Gullies like this resulted in many Florida tobacco fields after torrential rains associated with Tropical Storm Debby drenched the area on June 26 and the days leading up to it. The farm shown above is near the town of Lake City. But the Georgia-Florida Extension agronomist said on Thursday that the damage was not as extensive as he expected. The storm crossed north Florida starting June 26, dumped 16 inches on the major tobacco towns of Live Oak and Lake City, then left land via Jacksonville on June 27 heading to the Atlantic, never having strayed in the northern or southern tobacco areas of the state.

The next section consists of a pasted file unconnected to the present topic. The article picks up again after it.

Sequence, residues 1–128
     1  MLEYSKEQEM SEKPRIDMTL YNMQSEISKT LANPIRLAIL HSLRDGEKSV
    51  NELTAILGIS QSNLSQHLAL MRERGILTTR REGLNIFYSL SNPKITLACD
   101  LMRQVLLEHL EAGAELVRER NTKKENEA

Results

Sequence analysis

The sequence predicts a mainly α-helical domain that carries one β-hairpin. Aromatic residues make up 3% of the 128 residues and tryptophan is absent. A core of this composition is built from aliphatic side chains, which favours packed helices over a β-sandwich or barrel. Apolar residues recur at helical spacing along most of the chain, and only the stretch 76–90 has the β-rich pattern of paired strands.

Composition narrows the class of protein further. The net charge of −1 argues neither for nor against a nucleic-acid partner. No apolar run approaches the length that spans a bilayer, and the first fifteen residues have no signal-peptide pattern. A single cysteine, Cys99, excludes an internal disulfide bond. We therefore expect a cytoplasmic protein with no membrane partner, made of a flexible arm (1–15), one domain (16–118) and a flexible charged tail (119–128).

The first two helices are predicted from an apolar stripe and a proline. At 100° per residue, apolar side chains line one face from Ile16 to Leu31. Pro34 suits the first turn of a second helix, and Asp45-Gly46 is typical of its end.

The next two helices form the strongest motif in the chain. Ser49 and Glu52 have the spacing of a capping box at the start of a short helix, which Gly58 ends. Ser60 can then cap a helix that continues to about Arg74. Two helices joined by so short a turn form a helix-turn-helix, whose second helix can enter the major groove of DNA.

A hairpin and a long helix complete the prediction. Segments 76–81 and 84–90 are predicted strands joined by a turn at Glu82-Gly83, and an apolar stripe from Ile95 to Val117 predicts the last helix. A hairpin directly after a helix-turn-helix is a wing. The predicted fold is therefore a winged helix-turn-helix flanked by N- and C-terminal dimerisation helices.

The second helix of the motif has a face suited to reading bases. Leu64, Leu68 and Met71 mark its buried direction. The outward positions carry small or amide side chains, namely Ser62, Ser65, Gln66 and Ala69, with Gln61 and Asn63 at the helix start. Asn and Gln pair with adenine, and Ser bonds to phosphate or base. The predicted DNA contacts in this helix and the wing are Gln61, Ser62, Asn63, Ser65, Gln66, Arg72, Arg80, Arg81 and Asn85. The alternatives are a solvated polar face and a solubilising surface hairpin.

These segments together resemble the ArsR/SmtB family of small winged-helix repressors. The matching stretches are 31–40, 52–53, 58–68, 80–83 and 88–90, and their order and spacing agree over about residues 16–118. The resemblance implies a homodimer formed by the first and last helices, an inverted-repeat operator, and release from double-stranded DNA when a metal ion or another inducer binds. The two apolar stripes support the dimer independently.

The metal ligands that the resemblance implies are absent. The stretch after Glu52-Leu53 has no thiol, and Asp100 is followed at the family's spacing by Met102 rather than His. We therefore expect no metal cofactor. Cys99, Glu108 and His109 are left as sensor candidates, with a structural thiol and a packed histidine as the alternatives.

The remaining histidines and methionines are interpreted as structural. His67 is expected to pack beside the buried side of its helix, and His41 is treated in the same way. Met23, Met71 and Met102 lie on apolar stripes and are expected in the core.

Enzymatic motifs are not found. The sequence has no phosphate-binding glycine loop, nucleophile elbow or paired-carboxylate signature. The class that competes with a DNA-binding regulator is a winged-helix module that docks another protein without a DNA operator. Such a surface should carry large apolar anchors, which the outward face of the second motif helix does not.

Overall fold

Temperatures of above 100 degrees are predicted for Saturday, June 30.
It is not as bad as expected, said specialist J. Michael Moore. “Farmers as far south as Gainesville and as far north as the Georgia state line have little damage and will have a pretty fair crop. But those in the Live Oak area will not be so lucky—there is lots of drowning there, and there will be scalding from the hot sun on Thursday, Friday and Saturday.” Drowning damage continues to be compounded by extreme temperatures and bright sunshine, Moore said Friday. “As roots are suffocated and plants lack the ability to take up water, nutrients and oxygen, wilted leaves are scaled and burn. Although losses are heavy and continue to become evident, a large portion of the Florida crop and a large majority of the Georgia crop is not damaged.”
Moore's assessment on July 11: "The damage is still mounting. Farmers are still working with insurance adjusters on at least 300 acres."